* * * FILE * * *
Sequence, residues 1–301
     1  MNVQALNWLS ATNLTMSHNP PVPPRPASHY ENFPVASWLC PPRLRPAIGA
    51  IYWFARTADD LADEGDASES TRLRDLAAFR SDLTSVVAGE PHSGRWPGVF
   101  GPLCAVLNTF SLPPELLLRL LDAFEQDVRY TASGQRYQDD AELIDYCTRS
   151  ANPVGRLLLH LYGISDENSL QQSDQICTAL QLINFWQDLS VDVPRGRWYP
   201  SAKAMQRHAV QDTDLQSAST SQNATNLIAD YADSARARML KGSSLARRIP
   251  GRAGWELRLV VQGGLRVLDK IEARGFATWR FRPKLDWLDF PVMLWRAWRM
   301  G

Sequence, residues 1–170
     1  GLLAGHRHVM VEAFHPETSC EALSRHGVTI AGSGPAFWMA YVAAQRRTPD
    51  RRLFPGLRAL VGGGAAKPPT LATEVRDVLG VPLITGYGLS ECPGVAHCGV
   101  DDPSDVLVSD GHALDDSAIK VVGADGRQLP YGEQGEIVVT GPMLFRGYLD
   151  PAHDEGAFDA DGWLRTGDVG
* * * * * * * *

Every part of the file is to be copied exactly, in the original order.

Sequence, residues 1–301
     1  MNVQALNWLS ATNLTMSHNP PVPPRPASHY ENFPVASWLC PPRLRPAIGA
    51  IYWFARTADD LADEGDASES TRLRDLAAFR SDLTSVVAGE PHSGRWPGVF
   101  GPLCAVLNTF SLPPELLLRL LDAFEQDVRY TASGQRYQDD AELIDYCTRS
   151  ANPVGRLLLH LYGISDENSL QQSDQICTAL QLINFWQDLS VDVPRGRWYP
   201  SAKAMQRHAV QDTDLQSAST SQNATNLIAD YADSARARML KGSSLARRIP
   251  GRAGWELRLV VQGGLRVLDK IEARGFATWR FRPKLDWLDF PVMLWRAWRM
   301  G

Sequence, residues 1–170
     1  GLLAGHRHVM VEAFHPETSC EALSRHGVTI AGSGPAFWMA YVAAQRRTPD
    51  RRLFPGLRAL VGGGAAKPPT LATEVRDVLG VPLITGYGLS ECPGVAHCGV
   101  DDPSDVLVSD GHALDDSAIK VVGADGRQLP YGEQGEIVVT GPMLFRGYLD
   151  PAHDEGAFDA DGWLRTGDVG